Jehovah’s Witnesses Flee to Finland

Human Rights Watch has sharply criticized Moscow

Russian Jehovah's Witnesses’ are being hunted down by the Russian security agency, and the Russian National Guard. These actions are legal as the Supreme Court in Russia banned the religious organization one year ago. The Judges ruled the members of Jehovah's Witnesses promote “extremism.” Any Russian found to be a member will face a jail sentence anywhere from six to ten years. Moscow has already launched raids against the Christian denomination.

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There are approximately 175,000 Jehovah's Witnesses in Russia. This number was valid prior to the Christian denomination being labeled an extremist religious organization. Russian authorities view the organization's members with skepticism. This is as they do not go for military service, do not donate blood, and do not vote. Moscow sees Jehovah's Witnesses not only a threat to other Russians but also to themselves. Many of the Russian security establishment even see the members as a threat to public safety and children.

The Murmanski Vestnik, the regional newspaper of the Murmansk region, reported raids made by Rosgvardia (Russian National Guard) and FSB in Polyarny located on the Kola Peninsula. They detained two residents on suspicions of them being Jehovah's Witnesses. They were charged with arranging meetings and teachings on behalf of the organization. Law enforcement also carried out searches at six Polyarny addresses.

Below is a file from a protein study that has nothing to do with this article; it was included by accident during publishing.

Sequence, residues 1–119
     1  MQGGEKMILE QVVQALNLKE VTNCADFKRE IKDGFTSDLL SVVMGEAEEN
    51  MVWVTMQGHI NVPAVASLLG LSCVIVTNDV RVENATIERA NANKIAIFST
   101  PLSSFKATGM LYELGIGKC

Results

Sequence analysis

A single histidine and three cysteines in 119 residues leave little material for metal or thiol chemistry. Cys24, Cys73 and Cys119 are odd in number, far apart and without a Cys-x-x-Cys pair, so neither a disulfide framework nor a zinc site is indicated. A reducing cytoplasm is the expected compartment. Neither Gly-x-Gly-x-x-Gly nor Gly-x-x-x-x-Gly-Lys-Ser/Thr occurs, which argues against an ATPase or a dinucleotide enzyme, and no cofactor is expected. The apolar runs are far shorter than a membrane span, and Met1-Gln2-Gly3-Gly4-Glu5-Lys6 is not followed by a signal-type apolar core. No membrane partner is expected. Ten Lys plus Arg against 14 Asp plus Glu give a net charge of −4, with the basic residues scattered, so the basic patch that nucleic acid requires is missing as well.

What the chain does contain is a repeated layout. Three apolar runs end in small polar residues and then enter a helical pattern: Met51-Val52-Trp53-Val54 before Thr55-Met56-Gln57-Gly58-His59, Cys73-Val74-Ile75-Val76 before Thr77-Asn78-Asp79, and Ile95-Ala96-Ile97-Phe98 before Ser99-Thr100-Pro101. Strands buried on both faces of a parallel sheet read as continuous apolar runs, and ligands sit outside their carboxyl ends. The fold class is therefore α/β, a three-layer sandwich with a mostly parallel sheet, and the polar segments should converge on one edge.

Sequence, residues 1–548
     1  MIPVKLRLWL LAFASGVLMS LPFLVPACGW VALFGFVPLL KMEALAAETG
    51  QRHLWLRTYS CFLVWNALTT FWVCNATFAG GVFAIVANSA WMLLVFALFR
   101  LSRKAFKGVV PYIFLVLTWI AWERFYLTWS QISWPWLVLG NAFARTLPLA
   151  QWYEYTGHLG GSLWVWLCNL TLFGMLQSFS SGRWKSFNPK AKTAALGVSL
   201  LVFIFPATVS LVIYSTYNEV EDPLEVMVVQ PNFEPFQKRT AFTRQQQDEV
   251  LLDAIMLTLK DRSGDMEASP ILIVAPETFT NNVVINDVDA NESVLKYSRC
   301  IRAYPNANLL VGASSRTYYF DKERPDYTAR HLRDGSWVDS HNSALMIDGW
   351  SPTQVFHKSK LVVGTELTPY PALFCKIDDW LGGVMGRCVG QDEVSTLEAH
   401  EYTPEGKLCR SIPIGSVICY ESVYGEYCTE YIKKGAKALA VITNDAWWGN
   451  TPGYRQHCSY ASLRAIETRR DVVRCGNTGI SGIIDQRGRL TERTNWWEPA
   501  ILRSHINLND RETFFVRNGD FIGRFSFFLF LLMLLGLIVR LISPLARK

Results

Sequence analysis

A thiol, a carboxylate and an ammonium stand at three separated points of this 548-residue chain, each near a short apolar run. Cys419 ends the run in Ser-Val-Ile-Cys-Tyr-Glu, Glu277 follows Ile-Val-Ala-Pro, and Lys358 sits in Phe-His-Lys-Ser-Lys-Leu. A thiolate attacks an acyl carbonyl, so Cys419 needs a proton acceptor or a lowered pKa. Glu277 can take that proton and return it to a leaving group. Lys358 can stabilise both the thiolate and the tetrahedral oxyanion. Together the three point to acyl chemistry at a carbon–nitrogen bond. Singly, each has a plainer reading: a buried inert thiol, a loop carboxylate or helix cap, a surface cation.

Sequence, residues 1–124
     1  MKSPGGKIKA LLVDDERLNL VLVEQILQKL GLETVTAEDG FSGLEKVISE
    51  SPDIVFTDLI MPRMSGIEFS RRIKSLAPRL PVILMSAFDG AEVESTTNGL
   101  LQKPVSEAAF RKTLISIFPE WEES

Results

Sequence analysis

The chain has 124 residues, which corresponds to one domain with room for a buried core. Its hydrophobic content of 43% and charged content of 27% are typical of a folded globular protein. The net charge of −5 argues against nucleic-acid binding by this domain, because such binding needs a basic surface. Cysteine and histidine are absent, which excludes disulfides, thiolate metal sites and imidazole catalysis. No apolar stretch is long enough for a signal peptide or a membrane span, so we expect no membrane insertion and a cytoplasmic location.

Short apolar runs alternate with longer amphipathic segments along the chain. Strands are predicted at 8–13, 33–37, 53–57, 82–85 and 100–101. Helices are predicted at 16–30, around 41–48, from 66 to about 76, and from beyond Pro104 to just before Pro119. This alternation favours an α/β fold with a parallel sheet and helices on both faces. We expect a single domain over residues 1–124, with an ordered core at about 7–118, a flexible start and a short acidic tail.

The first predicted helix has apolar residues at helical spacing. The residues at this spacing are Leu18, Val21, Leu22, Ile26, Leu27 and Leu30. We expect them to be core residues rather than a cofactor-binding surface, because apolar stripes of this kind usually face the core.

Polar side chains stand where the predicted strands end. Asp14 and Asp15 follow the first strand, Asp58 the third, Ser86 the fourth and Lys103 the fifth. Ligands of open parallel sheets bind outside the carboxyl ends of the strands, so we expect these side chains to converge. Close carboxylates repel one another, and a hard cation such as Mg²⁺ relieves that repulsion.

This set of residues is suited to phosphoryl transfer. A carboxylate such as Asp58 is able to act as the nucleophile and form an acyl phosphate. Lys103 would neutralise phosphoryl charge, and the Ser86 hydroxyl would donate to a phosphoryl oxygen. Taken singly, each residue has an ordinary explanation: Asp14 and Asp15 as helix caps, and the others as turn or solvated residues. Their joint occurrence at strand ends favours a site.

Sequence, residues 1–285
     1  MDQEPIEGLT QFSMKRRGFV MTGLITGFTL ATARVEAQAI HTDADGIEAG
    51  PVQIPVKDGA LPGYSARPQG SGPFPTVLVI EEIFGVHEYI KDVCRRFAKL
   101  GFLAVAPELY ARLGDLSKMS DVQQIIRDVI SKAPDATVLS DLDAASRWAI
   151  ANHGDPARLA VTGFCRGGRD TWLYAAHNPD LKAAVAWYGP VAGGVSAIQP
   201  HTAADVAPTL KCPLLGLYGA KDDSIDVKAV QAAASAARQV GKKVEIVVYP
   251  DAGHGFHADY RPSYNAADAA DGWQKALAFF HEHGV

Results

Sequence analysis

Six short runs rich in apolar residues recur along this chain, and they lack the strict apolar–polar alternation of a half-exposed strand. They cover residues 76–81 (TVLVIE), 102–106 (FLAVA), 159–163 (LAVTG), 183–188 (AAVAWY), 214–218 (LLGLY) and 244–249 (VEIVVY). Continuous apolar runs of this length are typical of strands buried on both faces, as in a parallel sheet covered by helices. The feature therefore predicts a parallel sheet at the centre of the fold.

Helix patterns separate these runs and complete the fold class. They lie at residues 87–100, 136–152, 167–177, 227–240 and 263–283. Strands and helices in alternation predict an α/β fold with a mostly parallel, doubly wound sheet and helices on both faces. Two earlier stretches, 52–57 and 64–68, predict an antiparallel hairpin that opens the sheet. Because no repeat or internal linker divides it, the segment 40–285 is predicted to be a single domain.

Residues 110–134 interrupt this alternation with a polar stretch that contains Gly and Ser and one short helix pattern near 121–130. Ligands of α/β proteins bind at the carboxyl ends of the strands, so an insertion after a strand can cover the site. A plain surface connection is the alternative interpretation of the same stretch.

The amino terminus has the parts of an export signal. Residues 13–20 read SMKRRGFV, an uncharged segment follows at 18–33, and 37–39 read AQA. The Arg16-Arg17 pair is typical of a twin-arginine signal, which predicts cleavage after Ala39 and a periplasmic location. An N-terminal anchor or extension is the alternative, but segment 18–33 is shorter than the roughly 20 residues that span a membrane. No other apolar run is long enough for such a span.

Continued persecution by the Kremlin has led to many Jehovah's Witnesses fleeing Russia. About 1,000 Russians now seek asylum in several European nations, including Finland. The latter saw the maximum number of Russian refugees as the country shares a border with Russia. The first asylum seekers arrived in Finland during the summer of 2017. According to Veikko Leininen, the spokesperson for Jehovah's Witnesses Finland branch, many more will arrive in the days to come.

This is not the first time Jehovah's Witnesses faced persecution. They were made to suffer during Soviet times as well. The Russian authorities were asked by Human Rights Watch to drop all charges against Dennis Christensen, a citizen of Denmark. His only crime was to be a member of Jehovah's Witnesses. The Dane has been in custody for about 11 months in Orel. His trial is yet to begin. Human Rights Watch had pointed out Russia is a Council of Europe member. It is also a signatory to European Convention on Human Rights. Moscow is thus obligated to protect all freedom of religion rights and its associated laws.


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